Friday, July 24, 2015
Welcome to the 2015 edition of What The Tour de France Can Teach You About Advertising. I've had difficulty keeping up with this year's Tour as well as I have in years past and hence, I'm a bit late with this post. And, if you want to get all caught up with my previous editions, you can do so here, here, here, here, here, and here.
One question I'm often asked about the Tour is, why are groups of two, three, four or five riders allowed to breakaway to a big lead during a stage and how does the larger pack of riders almost always decide to chase them down? The simple answer to the first part of that question is, in most cases, riders that are allowed to break away aren't contenders to win the overall Tour title. Hence, the larger pack of riders (including the race leaders) are often content to sit back and ride at a slightly more relaxed pace and let some riders who are no threat for the podium pick up some small time bonuses and camera time for their sponsors. (Note, there are a whole lot more complicated tactics involved in both the breakaway and the chase, but we'll save those for another day.)
Now, as to how the pack catches a breakaway's lead stretching to five minutes or more, the answer is simply one of numbers. Which is to say, a group of 80 or 100 riders can ride much faster than a smaller group of two or five. How? By riding in what's known as one big echelon paceline, where one rider or group of riders goes to the front, rides as hard as he can for a minute or so, then drops back and lets fresher legs set the pace while the riders behind the leader pedal faster and work less as long as there are riders in front of them blocking the wind.
The enemy of any cyclist is wind resistance. Hence, while a group of five riders can work together to form a paceline with one man leading the pace and blocking the wind, a larger group can do so more efficiently, with less work and greater speed. That's why, on most flat stages of the Tour when a breakaway goes up the road, the larger peleton of riders usually has no problem chasing them down once it decides to do so.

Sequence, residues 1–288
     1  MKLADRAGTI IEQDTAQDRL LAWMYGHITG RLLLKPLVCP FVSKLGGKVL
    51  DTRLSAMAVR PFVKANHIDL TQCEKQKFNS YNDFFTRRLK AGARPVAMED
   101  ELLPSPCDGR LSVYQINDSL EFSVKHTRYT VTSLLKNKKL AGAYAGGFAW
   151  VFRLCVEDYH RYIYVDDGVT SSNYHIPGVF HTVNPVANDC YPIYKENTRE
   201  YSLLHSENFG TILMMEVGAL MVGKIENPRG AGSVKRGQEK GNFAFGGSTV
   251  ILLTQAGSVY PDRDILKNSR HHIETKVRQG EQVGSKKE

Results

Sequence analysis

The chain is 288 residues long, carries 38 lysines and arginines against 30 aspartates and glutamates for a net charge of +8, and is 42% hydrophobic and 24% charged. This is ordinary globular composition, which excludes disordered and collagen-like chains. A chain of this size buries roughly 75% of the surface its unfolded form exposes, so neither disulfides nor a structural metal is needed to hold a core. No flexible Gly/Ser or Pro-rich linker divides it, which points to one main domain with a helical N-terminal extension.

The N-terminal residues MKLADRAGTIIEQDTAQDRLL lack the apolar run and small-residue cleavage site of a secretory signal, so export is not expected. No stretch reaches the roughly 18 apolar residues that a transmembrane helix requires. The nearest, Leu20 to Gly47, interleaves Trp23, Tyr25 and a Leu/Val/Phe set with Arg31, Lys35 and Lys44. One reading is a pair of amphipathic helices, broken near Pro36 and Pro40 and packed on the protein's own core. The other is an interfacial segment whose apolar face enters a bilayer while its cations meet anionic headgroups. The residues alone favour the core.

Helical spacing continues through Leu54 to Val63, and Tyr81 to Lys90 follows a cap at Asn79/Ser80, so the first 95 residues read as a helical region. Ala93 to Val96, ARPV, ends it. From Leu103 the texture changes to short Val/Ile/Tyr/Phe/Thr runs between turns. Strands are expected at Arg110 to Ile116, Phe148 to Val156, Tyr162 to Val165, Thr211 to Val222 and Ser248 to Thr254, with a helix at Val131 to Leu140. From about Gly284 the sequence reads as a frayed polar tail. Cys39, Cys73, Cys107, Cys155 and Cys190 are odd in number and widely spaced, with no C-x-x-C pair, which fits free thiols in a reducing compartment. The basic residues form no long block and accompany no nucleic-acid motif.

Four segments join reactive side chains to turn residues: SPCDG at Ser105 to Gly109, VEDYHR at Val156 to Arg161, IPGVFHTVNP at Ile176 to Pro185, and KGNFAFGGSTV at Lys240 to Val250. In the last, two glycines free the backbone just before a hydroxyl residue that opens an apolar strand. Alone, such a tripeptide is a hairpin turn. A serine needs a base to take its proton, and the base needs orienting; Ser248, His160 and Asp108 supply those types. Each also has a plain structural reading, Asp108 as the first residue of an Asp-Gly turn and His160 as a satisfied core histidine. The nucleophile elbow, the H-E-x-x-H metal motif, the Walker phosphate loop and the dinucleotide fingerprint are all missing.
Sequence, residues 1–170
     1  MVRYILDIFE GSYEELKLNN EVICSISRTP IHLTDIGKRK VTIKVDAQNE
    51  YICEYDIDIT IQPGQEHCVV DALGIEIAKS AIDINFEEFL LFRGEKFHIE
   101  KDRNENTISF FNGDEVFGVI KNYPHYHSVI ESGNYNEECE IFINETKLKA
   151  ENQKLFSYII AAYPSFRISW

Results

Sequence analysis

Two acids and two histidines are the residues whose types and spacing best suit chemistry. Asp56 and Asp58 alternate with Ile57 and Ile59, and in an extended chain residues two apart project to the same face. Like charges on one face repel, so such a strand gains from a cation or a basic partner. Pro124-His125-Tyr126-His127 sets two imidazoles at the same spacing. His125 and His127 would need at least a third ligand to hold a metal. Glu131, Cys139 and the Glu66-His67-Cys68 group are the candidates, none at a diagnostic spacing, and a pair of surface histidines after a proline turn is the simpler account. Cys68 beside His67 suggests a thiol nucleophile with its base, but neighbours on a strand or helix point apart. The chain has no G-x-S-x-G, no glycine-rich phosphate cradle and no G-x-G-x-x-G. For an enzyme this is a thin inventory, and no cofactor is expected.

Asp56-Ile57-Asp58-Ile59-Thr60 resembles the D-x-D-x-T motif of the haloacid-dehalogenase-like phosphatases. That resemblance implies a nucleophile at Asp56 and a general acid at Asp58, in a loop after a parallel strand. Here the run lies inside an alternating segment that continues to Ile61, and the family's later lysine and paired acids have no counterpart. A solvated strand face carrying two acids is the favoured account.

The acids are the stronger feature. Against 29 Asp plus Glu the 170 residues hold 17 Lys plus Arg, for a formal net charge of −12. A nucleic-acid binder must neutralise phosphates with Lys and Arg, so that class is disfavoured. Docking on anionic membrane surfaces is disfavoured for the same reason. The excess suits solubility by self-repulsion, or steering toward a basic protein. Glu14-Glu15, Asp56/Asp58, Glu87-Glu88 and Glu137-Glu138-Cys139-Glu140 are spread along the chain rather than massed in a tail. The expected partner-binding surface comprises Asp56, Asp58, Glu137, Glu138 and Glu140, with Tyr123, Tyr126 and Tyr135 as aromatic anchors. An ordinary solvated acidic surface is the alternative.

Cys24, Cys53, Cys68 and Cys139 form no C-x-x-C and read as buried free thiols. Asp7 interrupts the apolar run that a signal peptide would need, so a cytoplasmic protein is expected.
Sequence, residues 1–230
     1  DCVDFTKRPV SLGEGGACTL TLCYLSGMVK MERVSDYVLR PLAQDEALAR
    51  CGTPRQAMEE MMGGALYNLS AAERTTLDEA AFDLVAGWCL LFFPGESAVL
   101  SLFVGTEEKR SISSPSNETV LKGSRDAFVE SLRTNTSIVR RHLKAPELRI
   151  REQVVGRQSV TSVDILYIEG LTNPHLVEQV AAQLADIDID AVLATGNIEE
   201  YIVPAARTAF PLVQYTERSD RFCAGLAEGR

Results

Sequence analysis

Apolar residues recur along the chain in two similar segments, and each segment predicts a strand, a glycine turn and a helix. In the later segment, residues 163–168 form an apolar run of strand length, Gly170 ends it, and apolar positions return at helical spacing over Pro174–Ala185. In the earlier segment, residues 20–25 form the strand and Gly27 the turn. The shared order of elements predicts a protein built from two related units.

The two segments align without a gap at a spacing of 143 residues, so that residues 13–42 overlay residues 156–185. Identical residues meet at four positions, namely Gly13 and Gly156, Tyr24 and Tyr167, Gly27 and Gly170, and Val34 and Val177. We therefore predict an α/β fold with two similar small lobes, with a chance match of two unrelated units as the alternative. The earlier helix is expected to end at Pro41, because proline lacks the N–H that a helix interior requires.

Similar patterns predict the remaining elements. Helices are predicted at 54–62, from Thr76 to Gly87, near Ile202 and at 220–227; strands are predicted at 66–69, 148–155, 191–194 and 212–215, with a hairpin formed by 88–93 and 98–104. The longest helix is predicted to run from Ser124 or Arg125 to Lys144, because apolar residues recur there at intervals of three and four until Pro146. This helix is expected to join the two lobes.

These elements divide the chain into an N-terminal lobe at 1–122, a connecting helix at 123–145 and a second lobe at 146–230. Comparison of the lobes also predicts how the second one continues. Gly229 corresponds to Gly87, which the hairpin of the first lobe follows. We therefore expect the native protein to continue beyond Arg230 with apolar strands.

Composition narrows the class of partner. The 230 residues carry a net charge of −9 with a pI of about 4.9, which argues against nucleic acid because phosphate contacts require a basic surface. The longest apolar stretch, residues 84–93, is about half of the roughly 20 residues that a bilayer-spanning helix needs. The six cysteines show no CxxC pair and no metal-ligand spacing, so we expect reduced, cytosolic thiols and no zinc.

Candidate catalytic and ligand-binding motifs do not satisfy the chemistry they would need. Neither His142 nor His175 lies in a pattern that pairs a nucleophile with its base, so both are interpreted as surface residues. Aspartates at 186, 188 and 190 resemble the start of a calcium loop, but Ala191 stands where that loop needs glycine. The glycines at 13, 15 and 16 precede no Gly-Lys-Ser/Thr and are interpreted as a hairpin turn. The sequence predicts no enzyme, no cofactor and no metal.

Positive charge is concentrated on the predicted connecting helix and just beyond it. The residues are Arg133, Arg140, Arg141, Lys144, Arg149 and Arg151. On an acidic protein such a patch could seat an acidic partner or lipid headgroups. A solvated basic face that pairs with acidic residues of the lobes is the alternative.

So where's the advertising lesson in all of this? If you're advertising and promoting your business, you need to think like the pack and not the breakaway. That is, remember that an organized, extended campaign will promote your business much better than a hastily thrown together media campaign designed for a quick hit.
Think of your promotional messages, whatever form they take, as a fresh rider at the front of the pace line. Just as a rider will rotate to the head of the paceline, ride hard to set the pace, then drop back in favor of fresher legs, think of each promotional message you produce, be it print, broadcast, direct mail, or social media, as a fresh set of legs powering your company's brand awareness. And, just as a pack of 100 riders can go much faster than a group of five in a breakaway, a larger advertising campaign with a greater reach making more impressions will keep your brand fresh on the minds of your consumer.
In other words, the more wheels you have spinning faster to promote your business, the farther your sales will go!
See also: How Cool Do You Want To Be